'Qualified investor' definition
Although the definition of 'qualified investor' has been completely revised to accord with the MiFID definition, in practice, the overall impact of this change is likely to be minor, as most qualified investors under the amended definition were also qualified investors under the former definition. Perhaps the most important innovation of the amended definition is the possibility to share client classifications. The change means that financial institutions proposing to offer securities to a client can rely on their MiFID client classification rather than completing a separate analysis of their status under the Prospectus Law.
The thresholds applicable to exemptions for offers of securities with a denomination of at least €50,000 and offers where investors acquire securities for a total consideration of at least €50,000 will both be increased to €100,000. This threshold is no longer defined within the law, but rather through a crossreference to the Prospectus Directive, and may be changed in future through delegated acts that allow for more flexibility. The threshold changes do not affect the implicit prospectus exemption for investments made through a Luxembourg collective venture capital investment company (SICAR). The Prospectus Revision Law also increases the threshold for offers of securities applicable to a limited number of persons that are not qualified investors from 100 to 150 persons per jurisdiction.
The Prospectus Revision Law also specifies that the exemption from the requirement to publish a prospectus for securities offered to the public in connection with a merger will be extended to cover securities issued as a result of the division (ie, demerger) of a company. However, this is subject to the condition that an "equivalent" document be prepared. A document containing the draft demerger terms may suffice, but in order to be considered equivalent, all information included in a prospectus pursuant to the Prospectus Regulation should also be included in the document relating to the draft demerger. Furthermore, the Prospectus Revision Law extends the exemption from publication of a prospectus for offers of securities to directors and employees (eg, an employee share or stock scheme) to unlisted companies or companies that are listed only outside the European Economic Area.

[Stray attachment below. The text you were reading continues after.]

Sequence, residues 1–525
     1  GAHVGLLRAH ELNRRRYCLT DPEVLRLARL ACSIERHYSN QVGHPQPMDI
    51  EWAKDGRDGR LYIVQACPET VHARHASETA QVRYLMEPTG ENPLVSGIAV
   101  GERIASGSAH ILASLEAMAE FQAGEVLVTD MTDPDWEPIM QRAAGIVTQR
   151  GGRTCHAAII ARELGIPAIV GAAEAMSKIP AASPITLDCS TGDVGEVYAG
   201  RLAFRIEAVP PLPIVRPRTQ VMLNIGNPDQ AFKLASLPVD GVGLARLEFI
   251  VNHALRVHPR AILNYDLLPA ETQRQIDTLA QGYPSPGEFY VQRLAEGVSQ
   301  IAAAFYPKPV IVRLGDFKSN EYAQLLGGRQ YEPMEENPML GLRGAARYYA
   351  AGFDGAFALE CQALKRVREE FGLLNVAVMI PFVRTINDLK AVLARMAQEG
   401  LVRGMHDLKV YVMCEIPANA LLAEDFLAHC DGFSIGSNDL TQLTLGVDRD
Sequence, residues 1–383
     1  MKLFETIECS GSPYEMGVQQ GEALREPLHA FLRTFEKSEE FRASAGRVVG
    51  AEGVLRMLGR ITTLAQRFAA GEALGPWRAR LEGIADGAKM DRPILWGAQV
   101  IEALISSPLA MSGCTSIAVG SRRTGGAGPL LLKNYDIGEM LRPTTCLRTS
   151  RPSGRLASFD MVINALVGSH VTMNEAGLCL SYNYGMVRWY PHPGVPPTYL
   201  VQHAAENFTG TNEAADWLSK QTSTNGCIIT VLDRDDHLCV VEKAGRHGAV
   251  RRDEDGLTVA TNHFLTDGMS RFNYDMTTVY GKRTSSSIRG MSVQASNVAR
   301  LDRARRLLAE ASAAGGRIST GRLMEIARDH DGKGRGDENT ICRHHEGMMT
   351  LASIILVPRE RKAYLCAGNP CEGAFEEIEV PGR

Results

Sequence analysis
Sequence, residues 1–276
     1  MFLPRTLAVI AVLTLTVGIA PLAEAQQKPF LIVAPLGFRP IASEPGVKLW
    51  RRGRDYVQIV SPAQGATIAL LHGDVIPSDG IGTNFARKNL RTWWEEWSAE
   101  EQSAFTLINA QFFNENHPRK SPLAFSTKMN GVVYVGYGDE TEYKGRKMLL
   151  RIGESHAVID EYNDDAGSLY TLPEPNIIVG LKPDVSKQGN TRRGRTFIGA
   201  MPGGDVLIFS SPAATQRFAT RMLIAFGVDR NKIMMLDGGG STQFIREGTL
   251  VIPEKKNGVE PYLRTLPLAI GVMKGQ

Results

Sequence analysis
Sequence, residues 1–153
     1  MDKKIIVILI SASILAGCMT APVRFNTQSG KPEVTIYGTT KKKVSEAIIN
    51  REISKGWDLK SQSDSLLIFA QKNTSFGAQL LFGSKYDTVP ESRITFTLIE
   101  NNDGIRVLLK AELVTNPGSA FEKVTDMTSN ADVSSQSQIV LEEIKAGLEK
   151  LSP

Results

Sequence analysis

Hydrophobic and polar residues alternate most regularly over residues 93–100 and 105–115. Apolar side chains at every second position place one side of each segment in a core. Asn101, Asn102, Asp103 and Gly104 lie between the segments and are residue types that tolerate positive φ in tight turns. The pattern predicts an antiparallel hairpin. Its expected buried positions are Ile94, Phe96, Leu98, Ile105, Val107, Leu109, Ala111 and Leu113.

Use of prospectus by financial intermediaries
The Prospectus Revision Law confirms that financial intermediaries may use a prospectus established by the issuer to make a resale of the same securities in the secondary market (ie, a 'retail cascade'), provided that the issuer consents in writing to such use. In future, financial intermediaries may therefore no longer be required to establish a separate prospectus in case of resale of securities in the secondary market. However, such financial intermediaries making public offers under the retail cascade regime must still comply with all applicable laws.
In addition, irrespective of the responsibility of the issuer or the person that draws up the prospectus, financial intermediaries reselling and placing the securities could be subject to liability according to their national law. Where the issuer consents to the use of its prospectus in this way, it will remain liable to those investors for the content of the prospectus. If the issuer does not consent, the financial intermediary will be unable to rely on the prospectus and will have to publish a new prospectus itself to make offers of securities to the public. However, the exact form of the consent needs to be further clarified.
Any material mistake or inaccuracy in information included in the prospectus should be mentioned in a supplement to the prospectus, which must be approved and published in the same manner as the original prospectus and within seven business days of publication of the prospectus.